The work-plan of the CACE project consists of 6 work packages (WPs), whereof five (WP1 – WP5) are of technical nature. WP6 is concerned with project management, dissemination and standardisation.
On the highest layer of the architecture (see figure above) we have the tools developed in WP3 and WP4, respectively, which will make cryptographic protocols called zero-knowledge proofs of knowledge (ZK-POK) and secure multiparty computations available to software engineers:
Securing Distributed Management of Information is dedicated to facilitating the practical use of secure multiparty computation protocols in real-world applications. To this end, WP4 will develop a language that allows software engineers to specify secure multiparty computations and a compiler which transforms these specifications into executable code.
Bringing Proofs of Knowledge to Practice focuses on ZK-POK and the rapid and error-free implementation of such protocols by non-experts. The approach taken to reach this objective is conceptually similar to the one in WP4: WP3 will develop a compiler that, given a high-level specification of the goals of a ZK-POK, automatically finds and generates a protocol that meets the specification along with code that implements the protocol.
The intermediate layer of the CACE architecture – which is developed in WP2 – consists of a library that provides secure networking and crypto functionality that is common to the tools developed in WP3 and WP4:
Accelerating Secure Networking will provide all of the core operations needed to build high-level cryptographic tools such as zero-knowledge compilers (WP3) and systems based on multiparty computation (WP4). It will contain a new easy-to-use high-speed software library for network communication and basic cryptographic primitives such as encryption, signatures, etc. On the one hand, this will ensure that there is no redundancy in WP3 and WP4. On the other hand, NaCl library will also constitute an independent deliverable of the CACE project, as it will offer generic functionality that can be useful in many application areas where an efficient infrastructure for secure communication is needed.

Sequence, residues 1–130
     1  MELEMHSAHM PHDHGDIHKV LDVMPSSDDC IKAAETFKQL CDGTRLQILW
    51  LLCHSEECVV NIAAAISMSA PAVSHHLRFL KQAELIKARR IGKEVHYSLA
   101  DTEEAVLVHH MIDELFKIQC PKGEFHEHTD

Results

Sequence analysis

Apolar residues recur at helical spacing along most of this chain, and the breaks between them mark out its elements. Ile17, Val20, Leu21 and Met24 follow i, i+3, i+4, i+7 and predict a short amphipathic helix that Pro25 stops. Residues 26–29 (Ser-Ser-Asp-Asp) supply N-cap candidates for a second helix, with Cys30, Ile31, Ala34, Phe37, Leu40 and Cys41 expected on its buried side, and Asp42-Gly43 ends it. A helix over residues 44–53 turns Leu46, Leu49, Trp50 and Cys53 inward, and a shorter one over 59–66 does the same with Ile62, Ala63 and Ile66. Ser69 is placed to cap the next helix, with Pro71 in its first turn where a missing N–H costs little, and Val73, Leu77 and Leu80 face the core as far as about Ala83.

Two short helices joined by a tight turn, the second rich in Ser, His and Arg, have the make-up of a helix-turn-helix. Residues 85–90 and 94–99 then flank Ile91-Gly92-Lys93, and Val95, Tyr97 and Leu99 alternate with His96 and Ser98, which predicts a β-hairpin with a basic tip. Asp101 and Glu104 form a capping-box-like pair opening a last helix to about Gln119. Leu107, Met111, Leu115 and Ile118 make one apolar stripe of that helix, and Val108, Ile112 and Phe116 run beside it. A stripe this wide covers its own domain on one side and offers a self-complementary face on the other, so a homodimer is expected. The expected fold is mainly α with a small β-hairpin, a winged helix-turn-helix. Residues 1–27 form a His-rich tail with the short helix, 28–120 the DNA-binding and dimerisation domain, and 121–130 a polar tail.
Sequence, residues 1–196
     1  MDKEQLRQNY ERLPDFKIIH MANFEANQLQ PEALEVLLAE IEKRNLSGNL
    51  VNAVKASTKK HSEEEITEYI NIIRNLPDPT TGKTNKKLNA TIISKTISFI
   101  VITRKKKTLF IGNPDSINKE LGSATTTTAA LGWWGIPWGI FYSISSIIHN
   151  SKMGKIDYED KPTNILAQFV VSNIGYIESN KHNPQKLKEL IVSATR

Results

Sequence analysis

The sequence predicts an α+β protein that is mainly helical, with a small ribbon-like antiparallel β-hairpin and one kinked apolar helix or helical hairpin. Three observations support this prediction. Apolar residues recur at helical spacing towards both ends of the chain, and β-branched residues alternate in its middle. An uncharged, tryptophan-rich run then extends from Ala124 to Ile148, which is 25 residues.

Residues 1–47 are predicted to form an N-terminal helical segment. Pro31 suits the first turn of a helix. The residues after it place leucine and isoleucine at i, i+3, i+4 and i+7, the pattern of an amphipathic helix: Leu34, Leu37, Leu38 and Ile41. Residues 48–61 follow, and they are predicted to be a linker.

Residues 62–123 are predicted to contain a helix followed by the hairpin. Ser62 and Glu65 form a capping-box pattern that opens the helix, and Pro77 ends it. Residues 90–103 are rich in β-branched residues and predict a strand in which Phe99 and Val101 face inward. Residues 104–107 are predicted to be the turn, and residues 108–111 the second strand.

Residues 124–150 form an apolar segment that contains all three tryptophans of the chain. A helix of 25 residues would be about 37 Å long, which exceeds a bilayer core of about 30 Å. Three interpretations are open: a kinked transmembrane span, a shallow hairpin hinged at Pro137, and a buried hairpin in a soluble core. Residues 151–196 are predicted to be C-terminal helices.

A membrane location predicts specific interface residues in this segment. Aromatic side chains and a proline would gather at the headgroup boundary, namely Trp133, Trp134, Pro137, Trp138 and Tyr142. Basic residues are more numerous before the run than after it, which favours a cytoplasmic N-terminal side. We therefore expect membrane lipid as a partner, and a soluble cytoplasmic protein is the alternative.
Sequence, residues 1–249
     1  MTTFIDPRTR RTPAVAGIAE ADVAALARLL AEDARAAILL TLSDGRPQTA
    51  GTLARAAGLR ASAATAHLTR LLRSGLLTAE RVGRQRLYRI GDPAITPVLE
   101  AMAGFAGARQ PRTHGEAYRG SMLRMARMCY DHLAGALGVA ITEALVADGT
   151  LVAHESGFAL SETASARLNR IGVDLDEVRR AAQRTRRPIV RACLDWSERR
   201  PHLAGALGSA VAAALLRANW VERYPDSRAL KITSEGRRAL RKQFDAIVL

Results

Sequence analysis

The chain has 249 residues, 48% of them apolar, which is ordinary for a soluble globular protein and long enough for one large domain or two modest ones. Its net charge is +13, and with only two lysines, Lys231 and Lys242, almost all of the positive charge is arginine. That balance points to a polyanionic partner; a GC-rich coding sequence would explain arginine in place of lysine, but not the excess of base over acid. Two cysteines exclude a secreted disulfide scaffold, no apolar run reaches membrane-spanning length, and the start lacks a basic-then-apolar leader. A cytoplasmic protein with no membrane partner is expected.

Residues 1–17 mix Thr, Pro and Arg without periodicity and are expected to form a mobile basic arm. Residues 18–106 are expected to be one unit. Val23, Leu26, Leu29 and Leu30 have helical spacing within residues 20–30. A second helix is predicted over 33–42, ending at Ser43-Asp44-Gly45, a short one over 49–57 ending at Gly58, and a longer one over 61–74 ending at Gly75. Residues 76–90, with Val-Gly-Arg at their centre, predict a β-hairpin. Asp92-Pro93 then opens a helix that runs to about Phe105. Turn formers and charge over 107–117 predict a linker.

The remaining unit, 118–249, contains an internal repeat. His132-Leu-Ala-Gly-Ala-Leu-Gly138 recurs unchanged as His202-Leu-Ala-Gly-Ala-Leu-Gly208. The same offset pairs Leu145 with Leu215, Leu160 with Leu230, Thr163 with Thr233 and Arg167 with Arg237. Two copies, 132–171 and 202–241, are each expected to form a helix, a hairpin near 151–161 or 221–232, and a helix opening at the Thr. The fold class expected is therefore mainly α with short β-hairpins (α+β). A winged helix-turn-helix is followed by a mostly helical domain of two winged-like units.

On the lowest layer of the CACE architecture we have the tools developed by WP1:
Automating Cryptographic Implementation addresses the efficient and secure implementations of low-level cryptographic primitives (such as encryption schemes and digital signatures, including symmetric cryptographic primitives). The tools of WP 1 will deliver optimizations that are hard to do by hand, and in addition will be capable of automatically detecting and eliminating physical security vulnerabilities such as side-channel attacks. The approach taken in this WP is again compiler based: a language will be developed that allows to specify the desired cryptographic computations, which are then transformed into executable code by an optimizing, security-aware compiler.
Finally, there is WP5, which contributes to the global consistency of the CACE toolbox by handling security and correctness assertions in the tools and libraries developed in WP1 through WP4:
Formal Verification and Validation aims to globally address both functional and security requirements in resulting cryptographic software implementations, analyzing the transformations between different levels of abstraction, and resorting to previous scientific results in the formal validation, verification and certification of secure software.